The Department of Linguistics (DL) of the UP Diliman (UPD) College of Social Sciences and Philosophy celebrated the life and work of Ernesto Constantino, avid folklorist and a pioneering figure in Philippine linguistics last Aug. 25 with “Paglingon,” a lecture series held at the Bulwagan ng Dangal.
Constantino served the university for 36 years beginning in 1959 as an Assistant Professor of Linguistics until his retirement as University Professor in 1995.
The academician. He worked with the 1971 and 1986 Constitutional Commissions, during which he contributed significantly to the adoption and development of the Filipino national language as part of the pool of experts consulted. The 1986 Constitutional Commission eventually adopted Filipino as the national language.
Constantino was chairman of the Departamento ng Filipino at Panitikan ng Pilipinas (DFPP) and DL from 1969 to 1972.
“Paglingon” featured guest speakers who worked for or with Constantino in UPD like former student Dr. Rosario Torres-Yu of the DFPP, former research assistant Dr. Viveca Hernandez of the DL, fellow folklorist Prof. Melecio C. Fabros III of the DFPP and former linguistics professor Dr. Anicia Del Corro.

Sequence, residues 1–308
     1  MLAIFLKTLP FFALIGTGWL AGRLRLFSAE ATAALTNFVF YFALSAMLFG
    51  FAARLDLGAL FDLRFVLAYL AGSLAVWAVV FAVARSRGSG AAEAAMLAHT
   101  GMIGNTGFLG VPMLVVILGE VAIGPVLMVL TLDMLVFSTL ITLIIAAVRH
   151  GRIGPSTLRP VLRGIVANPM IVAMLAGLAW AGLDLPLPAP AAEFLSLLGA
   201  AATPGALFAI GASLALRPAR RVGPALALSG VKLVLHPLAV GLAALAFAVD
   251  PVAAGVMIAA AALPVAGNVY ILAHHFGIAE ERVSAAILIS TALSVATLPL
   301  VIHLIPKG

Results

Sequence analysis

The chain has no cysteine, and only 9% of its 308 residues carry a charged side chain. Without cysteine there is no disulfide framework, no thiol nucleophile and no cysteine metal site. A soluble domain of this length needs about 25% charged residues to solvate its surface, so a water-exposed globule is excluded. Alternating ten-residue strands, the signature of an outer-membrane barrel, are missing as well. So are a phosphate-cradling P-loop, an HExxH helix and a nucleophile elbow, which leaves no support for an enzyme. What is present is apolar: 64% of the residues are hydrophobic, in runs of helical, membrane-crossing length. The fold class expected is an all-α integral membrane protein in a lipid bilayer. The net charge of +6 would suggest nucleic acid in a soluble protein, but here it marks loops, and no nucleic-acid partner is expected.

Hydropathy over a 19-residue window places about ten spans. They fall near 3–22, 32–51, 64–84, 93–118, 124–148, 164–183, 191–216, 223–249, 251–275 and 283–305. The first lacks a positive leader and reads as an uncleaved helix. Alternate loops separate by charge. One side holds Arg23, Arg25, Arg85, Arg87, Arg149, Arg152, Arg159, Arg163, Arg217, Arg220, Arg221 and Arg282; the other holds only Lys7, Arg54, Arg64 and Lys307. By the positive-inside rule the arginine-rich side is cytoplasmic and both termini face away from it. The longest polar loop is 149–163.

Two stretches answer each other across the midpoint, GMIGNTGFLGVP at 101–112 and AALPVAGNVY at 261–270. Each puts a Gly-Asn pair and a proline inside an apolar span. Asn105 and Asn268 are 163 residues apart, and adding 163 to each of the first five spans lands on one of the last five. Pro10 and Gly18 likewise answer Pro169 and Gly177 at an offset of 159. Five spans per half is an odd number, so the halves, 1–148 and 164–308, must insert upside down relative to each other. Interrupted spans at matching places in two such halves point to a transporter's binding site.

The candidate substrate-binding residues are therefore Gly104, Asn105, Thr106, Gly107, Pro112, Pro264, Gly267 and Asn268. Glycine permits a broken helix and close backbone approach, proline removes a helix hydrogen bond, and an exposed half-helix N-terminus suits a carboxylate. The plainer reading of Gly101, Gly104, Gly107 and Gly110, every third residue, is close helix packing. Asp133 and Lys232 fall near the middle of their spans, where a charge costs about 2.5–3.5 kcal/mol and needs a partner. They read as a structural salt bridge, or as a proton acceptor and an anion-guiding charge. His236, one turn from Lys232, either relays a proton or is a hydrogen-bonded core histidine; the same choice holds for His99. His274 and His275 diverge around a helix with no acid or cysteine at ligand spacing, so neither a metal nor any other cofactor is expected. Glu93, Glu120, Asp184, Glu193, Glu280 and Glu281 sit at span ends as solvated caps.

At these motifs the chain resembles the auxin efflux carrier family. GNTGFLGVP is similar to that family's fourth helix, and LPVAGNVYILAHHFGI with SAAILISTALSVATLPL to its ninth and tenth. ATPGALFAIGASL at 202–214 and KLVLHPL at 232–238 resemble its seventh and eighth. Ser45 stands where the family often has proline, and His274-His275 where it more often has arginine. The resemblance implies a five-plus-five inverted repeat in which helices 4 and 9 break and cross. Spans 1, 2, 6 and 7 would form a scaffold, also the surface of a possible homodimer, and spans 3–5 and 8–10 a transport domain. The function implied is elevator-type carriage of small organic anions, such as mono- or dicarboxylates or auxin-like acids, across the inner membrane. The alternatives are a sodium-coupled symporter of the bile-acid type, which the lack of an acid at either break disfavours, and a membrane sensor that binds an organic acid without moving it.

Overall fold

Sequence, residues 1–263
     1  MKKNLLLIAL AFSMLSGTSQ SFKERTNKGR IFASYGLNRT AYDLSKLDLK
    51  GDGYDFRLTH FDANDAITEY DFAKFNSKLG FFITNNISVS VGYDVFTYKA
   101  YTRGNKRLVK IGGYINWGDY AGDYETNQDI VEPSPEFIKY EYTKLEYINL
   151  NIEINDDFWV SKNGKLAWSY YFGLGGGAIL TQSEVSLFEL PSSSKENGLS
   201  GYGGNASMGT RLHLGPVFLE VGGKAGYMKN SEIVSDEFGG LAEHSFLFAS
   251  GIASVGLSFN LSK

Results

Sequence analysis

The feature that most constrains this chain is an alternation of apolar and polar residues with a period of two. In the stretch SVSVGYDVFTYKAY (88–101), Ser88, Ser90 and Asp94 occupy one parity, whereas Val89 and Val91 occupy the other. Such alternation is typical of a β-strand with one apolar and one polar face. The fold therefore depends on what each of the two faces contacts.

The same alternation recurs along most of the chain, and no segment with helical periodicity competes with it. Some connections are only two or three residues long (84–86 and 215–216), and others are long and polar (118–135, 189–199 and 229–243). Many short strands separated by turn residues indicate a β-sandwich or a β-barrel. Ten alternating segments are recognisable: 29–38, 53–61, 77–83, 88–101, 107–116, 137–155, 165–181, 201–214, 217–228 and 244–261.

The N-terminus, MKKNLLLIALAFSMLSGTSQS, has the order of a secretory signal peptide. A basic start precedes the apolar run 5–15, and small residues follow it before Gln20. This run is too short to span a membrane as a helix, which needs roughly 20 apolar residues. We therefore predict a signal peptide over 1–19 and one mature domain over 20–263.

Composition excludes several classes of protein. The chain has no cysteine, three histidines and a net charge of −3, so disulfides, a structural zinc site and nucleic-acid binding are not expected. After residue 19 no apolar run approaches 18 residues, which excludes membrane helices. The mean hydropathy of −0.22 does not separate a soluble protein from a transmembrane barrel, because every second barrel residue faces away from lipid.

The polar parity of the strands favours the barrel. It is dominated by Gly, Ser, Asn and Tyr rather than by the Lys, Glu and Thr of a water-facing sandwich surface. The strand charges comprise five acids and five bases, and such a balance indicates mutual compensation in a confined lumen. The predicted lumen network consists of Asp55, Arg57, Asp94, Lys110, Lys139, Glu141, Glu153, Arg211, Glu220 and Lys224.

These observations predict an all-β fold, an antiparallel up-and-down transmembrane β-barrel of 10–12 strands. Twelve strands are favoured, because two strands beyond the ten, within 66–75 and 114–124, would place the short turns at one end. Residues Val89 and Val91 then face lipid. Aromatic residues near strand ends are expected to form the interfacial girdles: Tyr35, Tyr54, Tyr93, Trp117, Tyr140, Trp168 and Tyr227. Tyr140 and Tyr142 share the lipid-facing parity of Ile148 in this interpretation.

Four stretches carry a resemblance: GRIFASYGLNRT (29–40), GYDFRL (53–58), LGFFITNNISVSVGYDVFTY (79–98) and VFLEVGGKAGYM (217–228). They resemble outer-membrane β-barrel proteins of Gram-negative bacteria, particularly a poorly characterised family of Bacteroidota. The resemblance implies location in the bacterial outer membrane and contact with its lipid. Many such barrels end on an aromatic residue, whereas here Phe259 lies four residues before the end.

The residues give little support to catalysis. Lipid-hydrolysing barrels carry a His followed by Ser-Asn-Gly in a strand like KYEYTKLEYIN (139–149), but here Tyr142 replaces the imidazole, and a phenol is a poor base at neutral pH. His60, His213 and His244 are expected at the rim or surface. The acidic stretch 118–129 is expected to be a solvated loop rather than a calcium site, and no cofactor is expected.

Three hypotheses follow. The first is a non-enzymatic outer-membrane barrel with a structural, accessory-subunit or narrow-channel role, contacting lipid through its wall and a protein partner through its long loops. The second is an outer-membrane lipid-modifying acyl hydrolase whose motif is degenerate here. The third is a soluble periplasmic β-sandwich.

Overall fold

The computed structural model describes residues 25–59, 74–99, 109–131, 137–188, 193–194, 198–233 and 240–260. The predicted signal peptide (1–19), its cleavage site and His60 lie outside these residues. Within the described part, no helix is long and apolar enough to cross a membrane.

Torres-Yu talked about her various interactions with Constantino, vividly recalling their first interaction when she was student assistant at the department. It was also him who invited then the newly graduated Torres-Yu and Prof. Lilia Antonio to join the University in 1971.
Hernandez discussed three of Constantino’s researches that became landmarks in Philippine linguistics: his unpublished dissertation on the grammar of a dialect of Ilokano in 1959, “The sentence patterns of twenty-six Philippine Languages,” published in 1965 in the journal Lingua and “The deep structures of the Philippine Languages” published in 1972 in Langues et Techniques, Nature et Societ.
The folklorist. Constantino co-founded the University of the Philippines Folklorists, Inc. and accumulated a good amount of Philippine folklore materials during his career.
It was in this spirit that Fabros presented his lecture “Hidilyn F. Diaz: Sulyap sa isang epiko at iba pang poklor,” in which he talked about the Olympic silver medalist, likening her story to that of an epic hero’s journey.
Del Corro’s lecture “Heterogenous language in Bible translation: A sequel, a tribute,” presented her work with the Philippine Bible Society using heterogeneous language.
In heterogeneous languages such as Taglish, words and elements from the source languages remain distinct and recognizable while still being used together in writing and conversation.
She attributes her preference for using heterogeneous language for translation to Constantino’s influence.
In closing, Prof. Farah Cunanan of the DL commended Constantino’s scholarship, citing his tenacity and perseverance in gathering data despite living in an age without the benefits of very mobile technology.
Constantino was born on Aug. 25, 1930 in Sto. Domingo, Nueva Ecija. He earned a degree in AB English (cum laude) from UP in 1953 before finishing his PhD in Linguistics from Indiana University in 1959. He passed away on Jun. 21.